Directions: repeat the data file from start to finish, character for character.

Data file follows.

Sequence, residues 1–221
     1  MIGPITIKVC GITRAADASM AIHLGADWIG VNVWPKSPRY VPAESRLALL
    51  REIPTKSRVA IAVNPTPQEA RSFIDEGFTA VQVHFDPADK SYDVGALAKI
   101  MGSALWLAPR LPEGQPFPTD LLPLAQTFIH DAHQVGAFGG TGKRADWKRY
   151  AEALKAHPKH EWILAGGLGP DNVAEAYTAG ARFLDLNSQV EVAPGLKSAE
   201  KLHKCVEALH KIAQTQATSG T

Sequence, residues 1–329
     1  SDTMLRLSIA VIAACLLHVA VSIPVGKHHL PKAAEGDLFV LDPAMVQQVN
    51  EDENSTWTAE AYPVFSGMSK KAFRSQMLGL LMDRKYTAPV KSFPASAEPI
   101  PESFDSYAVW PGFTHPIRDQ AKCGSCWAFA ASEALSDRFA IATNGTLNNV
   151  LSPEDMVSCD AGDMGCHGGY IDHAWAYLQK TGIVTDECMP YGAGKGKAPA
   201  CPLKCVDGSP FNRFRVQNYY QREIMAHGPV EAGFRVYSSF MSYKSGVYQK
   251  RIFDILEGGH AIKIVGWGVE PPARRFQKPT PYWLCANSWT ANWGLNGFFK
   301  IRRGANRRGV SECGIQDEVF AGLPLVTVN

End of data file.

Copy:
Sequence, residues 1–221
     1  MIGPITIKVC GITRAADASM AIHLGADWIG VNVWPKSPRY VPAESRLALL
    51  REIPTKSRVA IAVNPTPQEA RSFIDEGFTA VQVHFDPADK SYDVGALAKI
   101  MGSALWLAPR LPEGQPFPTD LLPLAQTFIH DAHQVGAFGG TGKRADWKRY
   151  AEALKAHPKH EWILAGGLGP DNVAEAYTAG ARFLDLNSQV EVAPGLKSAE
   201  KLHKCVEALH KIAQTQATSG T

Sequence, residues 1–329
     1  SDTMLRLSIA VIAACLLHVA VSIPVGKHHL PKAAEGDLFV LDPAMVQQVN
    51  EDENSTWTAE AYPVFSGMSK KAFRSQMLGL LMDRKYTAPV KSFPASAEPI
   101  PESFDSYAVW PGFTHPIRDQ AKCGSCWAFA ASEALSDRFA IATNGTLNNV
   151  LSPEDMVSCD AGDMGCHGGY IDHAWAYLQK TGIVTDECMP YGAGKGKAPA
   201  CPLKCVDGSP FNRFRVQNYY QREIMAHGPV EAGFRVYSSF MSYKSGVYQK
   251  RIFDILEGGH AIKIVGWGVE PPARRFQKPT PYWLCANSWT ANWGLNGFFK
   301  IRRGANRRGV SECGIQDEVF AGLPLVTVN